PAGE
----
* Get connected to MP3 and Bluetooth technology * We test and rate seven headunits * Find the best and worst value units for your car...
Best of the web: 109.99 (clarionworld.co.uk)
The Clarion is cheap as chips, but there's not much else to compliment.
Sound quality is okay, but the Clarion is outperformed in most areas by the other six units on test. The SD card function works well, but the absence of USB and iPod connections limit the appeal of the FB289RBT. The menus are rather fiddly, too.
Ease of operation
The Clarion's microphone isn't built-in, which means you need to wire it separately a pain if you're doing the installation yourself. Otherwise, fitting the unit is pretty straightforward. Once it's all up and running, the sub-menus and controls aren't particularly intuitive. It appears to be built for looks, rather than ease of use.
It's certainly cheap, but we'd recommend stretching your budget by 50 quid or so, if at all possible. Go to clarionworld.co.uk and you'll save a tenner and postage and packing is included in the price.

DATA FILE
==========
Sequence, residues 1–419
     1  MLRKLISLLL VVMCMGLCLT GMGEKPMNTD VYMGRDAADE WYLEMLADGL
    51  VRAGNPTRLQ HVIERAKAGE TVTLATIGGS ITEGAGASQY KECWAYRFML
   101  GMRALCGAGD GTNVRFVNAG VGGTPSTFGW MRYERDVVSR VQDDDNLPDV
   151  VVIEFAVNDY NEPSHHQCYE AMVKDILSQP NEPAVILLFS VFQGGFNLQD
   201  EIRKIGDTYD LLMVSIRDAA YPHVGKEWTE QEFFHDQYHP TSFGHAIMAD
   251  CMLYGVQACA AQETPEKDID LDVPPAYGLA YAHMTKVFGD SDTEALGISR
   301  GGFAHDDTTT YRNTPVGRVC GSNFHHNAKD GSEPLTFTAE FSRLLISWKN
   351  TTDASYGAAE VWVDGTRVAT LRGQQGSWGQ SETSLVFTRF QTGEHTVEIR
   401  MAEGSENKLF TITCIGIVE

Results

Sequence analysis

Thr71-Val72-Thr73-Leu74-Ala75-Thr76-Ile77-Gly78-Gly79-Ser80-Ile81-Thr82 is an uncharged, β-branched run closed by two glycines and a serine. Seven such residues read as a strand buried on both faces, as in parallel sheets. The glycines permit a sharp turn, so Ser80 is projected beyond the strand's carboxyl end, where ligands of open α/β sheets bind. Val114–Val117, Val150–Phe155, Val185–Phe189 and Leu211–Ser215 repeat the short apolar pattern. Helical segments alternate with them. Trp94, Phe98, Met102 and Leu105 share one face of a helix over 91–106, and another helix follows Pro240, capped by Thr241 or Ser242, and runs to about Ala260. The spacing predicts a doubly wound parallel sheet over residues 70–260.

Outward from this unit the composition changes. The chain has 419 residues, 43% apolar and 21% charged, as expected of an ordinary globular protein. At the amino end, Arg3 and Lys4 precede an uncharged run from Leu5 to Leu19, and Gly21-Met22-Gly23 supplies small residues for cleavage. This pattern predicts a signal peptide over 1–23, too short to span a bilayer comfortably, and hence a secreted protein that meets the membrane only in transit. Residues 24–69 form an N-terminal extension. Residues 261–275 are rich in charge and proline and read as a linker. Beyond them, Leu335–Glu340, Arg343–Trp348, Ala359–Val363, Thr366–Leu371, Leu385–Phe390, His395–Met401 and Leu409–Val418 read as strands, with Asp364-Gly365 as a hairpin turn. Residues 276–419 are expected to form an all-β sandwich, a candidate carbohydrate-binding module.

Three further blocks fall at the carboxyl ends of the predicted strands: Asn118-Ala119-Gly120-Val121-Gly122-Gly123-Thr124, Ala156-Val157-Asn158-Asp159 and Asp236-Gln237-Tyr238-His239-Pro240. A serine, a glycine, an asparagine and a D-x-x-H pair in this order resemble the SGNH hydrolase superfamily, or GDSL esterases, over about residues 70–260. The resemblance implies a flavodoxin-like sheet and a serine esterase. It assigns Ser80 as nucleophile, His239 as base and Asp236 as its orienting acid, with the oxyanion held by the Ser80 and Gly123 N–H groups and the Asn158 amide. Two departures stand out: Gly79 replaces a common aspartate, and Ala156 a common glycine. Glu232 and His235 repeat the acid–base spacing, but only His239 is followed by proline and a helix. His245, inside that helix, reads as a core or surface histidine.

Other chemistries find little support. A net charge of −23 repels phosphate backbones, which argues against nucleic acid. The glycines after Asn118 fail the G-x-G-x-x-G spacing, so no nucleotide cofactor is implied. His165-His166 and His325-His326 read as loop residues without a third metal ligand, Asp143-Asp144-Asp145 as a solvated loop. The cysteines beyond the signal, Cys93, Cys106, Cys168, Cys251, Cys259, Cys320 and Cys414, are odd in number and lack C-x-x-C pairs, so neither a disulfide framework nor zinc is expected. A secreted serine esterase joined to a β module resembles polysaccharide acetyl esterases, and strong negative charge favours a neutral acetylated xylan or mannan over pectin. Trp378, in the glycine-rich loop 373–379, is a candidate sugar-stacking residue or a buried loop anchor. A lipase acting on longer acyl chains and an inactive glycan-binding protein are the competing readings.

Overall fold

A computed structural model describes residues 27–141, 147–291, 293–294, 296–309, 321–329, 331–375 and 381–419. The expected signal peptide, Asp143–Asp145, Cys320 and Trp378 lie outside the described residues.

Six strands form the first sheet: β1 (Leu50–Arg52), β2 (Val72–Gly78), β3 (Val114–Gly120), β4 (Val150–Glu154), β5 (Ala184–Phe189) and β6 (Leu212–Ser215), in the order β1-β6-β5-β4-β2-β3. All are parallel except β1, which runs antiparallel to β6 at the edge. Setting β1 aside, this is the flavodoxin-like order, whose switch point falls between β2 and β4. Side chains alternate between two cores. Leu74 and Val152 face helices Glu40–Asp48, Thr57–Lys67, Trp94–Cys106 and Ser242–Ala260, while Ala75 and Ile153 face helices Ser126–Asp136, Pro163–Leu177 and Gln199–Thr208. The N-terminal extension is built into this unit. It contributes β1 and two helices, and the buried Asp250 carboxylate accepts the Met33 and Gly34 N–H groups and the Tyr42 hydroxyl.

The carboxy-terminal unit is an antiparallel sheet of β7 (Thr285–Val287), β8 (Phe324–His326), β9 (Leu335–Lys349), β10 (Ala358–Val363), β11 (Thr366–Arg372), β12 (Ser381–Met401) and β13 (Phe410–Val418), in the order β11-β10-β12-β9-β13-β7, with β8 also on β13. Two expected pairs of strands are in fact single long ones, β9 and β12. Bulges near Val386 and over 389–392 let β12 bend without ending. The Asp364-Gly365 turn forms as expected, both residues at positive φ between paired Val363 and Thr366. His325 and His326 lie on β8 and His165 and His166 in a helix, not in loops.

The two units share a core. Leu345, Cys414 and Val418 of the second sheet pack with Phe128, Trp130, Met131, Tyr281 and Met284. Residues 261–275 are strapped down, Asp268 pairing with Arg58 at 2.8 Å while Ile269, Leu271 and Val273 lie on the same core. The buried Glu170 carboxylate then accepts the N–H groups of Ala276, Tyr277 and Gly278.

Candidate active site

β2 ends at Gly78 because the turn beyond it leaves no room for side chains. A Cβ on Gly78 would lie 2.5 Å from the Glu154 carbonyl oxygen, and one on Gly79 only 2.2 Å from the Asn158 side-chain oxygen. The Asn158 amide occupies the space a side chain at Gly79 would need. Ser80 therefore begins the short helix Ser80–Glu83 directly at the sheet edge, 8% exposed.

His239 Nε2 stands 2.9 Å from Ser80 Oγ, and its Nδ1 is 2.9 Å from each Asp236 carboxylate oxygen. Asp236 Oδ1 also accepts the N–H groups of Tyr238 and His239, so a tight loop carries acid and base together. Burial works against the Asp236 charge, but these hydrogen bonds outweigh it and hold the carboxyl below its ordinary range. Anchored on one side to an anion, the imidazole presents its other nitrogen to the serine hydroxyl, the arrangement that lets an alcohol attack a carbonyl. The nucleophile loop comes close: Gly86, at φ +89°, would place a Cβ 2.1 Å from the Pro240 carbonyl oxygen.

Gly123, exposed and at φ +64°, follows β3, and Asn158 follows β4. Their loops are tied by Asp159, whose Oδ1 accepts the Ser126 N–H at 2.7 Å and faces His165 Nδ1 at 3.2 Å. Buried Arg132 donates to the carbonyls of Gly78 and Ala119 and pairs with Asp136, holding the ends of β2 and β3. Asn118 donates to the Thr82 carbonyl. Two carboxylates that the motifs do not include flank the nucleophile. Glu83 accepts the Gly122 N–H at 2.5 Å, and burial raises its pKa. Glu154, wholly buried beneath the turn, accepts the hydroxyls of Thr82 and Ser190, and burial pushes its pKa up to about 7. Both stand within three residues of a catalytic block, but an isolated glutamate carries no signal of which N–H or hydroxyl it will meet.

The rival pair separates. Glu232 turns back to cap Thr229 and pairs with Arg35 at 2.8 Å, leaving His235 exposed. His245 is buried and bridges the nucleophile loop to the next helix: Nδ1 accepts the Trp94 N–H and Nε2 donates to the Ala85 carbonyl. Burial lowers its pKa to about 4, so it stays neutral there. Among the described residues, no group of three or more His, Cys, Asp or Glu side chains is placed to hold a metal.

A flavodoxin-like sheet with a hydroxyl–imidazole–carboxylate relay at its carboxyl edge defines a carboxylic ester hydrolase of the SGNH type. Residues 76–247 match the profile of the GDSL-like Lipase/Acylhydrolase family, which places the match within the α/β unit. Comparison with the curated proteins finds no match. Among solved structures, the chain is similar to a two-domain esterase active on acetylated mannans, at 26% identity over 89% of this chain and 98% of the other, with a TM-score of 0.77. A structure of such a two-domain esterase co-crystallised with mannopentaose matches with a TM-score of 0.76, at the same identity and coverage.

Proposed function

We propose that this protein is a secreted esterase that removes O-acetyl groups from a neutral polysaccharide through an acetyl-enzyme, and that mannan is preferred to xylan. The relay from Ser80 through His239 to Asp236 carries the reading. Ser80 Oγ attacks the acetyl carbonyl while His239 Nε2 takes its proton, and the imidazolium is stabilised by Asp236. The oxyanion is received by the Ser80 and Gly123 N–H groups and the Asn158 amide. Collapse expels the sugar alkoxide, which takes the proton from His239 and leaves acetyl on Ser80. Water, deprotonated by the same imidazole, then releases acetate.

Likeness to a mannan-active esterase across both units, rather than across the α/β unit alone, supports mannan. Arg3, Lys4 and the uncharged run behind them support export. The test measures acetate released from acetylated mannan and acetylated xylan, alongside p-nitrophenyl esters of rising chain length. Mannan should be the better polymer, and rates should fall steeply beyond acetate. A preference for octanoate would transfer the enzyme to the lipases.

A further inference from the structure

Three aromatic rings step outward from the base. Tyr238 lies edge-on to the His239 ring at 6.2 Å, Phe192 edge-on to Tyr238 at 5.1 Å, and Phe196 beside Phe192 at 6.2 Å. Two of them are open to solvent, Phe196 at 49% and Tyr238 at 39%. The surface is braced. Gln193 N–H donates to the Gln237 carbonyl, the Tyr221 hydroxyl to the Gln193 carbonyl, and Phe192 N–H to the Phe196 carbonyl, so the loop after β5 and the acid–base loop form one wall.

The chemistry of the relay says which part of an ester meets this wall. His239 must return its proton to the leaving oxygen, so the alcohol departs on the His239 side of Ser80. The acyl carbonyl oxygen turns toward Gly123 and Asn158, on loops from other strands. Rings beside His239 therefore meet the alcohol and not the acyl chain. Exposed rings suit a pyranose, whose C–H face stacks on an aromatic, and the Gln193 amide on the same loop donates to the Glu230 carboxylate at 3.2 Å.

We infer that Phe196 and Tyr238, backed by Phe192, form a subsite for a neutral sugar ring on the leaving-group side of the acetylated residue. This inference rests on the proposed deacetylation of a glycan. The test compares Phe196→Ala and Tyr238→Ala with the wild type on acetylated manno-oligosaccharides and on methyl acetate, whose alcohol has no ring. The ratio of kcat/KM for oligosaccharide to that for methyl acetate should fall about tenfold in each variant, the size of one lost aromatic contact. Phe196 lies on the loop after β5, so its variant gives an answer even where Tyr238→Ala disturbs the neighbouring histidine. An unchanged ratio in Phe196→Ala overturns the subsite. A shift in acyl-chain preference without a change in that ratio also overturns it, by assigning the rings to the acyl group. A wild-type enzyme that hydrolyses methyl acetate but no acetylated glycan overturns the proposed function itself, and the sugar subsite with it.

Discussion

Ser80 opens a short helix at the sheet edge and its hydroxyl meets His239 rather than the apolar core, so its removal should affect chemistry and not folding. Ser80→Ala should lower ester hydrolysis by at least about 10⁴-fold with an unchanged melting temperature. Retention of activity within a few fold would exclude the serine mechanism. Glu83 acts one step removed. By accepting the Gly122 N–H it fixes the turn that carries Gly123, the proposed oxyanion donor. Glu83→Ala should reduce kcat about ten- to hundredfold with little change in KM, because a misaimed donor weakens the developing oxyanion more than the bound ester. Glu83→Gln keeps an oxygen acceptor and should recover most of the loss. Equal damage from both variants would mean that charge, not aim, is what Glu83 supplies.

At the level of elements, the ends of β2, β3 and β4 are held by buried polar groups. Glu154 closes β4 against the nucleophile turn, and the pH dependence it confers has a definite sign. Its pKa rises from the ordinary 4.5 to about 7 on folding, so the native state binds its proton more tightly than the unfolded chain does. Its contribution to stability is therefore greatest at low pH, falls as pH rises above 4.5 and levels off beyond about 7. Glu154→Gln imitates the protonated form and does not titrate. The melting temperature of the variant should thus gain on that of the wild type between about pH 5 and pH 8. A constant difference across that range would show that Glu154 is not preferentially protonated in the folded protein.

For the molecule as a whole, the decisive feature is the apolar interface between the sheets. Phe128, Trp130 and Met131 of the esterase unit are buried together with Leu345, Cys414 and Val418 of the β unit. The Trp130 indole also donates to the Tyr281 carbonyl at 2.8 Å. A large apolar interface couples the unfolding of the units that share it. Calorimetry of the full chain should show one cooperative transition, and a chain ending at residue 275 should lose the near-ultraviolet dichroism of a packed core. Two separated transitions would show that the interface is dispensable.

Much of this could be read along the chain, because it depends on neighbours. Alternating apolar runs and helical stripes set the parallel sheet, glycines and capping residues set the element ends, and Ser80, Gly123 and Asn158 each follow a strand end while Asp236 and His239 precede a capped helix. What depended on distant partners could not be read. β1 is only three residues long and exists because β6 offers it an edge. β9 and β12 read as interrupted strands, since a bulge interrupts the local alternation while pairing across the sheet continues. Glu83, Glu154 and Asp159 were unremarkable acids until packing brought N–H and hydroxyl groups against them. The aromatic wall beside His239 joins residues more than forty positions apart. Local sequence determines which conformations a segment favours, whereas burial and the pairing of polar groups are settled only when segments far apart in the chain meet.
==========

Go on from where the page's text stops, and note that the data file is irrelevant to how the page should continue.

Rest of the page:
The unit looks reasonably understated and classy, but cheap plastics make the Clarion feel flimsy. The buttons creak when pressed, and the screen is too small, but the backlights, which glint from between the buttons and change colour every few seconds, are a neat touch.
It will play MP3s, but only from an SD card, not much use for the iPod generation. You do get a cheap plastic case for the removable fascia, but the telephone misses out on many features you can't download your mobile phonebook, for instance, although you can stream music via the Bluetooth connection with certain mobile phones.